The SIEM market is undergoing a radical transformation fueled by the explosion of data that security teams need to monitor and analyze as more applications and infrastructure move into the cloud.
In its early days, SIEM was shaped by compliance drivers that dominated the era, like PCI and HIPAA, along with the need to satisfy log retention requirements. In recent years, however, security teams are increasingly trying to solve for threat detection and incident response use cases, where speed, scale and agility are the highest priorities.
We wanted to gain more insight into how security practitioners feel about their SIEM platform, what challenges they face, and where they’d like to see improvement. To answer these questions, we surveyed 400 IT security professionals who actively use a SIEM platform as part of their job.
Some of the Key Findings include:
- SIEM platforms take a long time to deploy: Over 18 percent of respondents indicated that the time it took to receive high-value alerts was 12 months or longer.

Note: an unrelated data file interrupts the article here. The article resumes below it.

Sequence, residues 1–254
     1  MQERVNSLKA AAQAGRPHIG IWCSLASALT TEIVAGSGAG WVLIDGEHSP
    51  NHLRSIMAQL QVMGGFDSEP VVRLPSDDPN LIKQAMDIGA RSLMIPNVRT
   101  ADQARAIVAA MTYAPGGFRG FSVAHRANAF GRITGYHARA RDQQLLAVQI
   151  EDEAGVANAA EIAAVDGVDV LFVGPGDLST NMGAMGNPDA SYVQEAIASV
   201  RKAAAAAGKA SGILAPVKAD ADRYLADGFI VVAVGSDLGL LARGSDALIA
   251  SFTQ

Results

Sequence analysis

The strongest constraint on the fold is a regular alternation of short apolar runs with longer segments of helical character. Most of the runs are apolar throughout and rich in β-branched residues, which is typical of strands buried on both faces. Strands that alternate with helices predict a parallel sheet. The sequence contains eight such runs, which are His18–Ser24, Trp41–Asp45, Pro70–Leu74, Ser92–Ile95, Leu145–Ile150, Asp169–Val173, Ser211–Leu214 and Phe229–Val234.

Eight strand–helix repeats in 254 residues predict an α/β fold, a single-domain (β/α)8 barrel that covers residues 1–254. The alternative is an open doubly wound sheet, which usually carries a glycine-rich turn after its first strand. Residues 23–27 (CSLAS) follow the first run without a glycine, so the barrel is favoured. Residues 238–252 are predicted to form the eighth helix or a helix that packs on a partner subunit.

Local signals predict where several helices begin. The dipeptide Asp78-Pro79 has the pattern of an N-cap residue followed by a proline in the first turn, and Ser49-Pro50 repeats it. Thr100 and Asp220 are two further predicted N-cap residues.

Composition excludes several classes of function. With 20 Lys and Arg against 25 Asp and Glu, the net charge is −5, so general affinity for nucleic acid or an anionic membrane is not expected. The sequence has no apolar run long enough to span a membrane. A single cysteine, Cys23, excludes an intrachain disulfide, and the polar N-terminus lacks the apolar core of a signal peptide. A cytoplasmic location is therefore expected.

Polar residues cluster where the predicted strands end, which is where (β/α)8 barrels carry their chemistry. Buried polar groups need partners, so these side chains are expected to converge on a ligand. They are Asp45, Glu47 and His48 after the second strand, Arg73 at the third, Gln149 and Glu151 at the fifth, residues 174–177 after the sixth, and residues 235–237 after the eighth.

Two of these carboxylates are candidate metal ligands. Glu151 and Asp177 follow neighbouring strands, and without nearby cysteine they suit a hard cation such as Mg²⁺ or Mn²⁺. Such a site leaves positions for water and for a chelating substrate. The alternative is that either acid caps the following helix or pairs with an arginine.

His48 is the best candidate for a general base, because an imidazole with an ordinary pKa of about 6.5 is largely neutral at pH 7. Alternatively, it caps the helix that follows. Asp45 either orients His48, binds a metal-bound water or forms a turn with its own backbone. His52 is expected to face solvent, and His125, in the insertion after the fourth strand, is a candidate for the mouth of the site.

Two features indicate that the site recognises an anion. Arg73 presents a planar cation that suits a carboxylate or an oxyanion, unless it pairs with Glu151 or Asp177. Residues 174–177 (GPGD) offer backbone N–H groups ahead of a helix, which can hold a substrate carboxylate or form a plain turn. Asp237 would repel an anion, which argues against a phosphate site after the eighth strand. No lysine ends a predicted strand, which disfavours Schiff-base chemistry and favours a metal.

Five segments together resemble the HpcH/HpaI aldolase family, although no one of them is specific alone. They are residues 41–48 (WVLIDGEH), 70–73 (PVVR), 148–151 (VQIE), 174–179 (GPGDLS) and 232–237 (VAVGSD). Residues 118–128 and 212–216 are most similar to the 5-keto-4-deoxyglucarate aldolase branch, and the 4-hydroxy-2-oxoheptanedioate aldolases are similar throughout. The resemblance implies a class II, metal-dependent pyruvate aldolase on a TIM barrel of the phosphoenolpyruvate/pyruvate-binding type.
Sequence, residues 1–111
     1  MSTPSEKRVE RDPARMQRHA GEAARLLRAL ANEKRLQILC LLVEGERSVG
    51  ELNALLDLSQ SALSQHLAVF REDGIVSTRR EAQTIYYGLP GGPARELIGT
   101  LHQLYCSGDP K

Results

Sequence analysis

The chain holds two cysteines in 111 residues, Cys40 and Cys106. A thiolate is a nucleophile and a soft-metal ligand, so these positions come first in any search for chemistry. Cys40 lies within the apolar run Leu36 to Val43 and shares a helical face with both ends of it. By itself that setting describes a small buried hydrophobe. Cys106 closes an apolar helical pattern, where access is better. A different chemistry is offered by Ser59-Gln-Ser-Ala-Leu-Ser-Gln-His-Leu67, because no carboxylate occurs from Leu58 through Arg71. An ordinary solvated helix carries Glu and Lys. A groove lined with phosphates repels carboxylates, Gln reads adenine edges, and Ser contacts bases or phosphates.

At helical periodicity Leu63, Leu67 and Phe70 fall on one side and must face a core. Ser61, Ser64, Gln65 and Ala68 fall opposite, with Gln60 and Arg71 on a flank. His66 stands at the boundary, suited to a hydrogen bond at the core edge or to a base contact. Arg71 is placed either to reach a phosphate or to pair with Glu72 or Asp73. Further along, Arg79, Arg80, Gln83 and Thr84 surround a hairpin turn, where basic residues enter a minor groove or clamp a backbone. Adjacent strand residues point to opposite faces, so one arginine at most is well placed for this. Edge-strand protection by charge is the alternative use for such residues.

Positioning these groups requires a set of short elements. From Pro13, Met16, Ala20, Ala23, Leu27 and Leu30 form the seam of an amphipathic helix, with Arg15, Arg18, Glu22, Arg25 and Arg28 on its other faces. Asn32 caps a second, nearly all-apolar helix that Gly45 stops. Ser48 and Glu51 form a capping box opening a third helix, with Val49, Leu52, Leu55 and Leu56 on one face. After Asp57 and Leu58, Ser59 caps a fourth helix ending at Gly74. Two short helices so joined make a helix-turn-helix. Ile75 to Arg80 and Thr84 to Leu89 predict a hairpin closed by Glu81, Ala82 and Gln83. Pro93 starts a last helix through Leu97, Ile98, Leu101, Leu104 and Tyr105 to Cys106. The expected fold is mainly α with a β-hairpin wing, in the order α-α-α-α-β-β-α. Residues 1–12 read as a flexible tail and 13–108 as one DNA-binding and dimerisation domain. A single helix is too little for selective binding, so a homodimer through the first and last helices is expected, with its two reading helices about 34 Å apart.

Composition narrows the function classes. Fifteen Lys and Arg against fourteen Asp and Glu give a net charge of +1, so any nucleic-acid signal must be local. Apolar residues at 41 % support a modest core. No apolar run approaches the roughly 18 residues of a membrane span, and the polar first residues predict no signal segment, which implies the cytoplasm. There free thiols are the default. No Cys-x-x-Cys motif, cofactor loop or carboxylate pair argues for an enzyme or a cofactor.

- Alert-fatigue is a challenge: Nearly a quarter of the respondents said that the biggest challenge they face with their current SIEM platform is receiving too many alerts.
- Cost versus capabilities don’t align: Over 40 percent of the IT security professionals surveyed said their organization was overpaying for their SIEM relative to the system’s capabilities.
- Poor network visibility: With eight possible capabilities to choose from, the most significant percentage of respondents indicated they were unsatisfied with their current SIEM platform’s network visibility capabilities.
- Big data and scalability are most important: Nearly 30 percent — the largest group — said that big data infrastructure and scalability would be the two most important capabilities if they were evaluating a new SIEM vendor.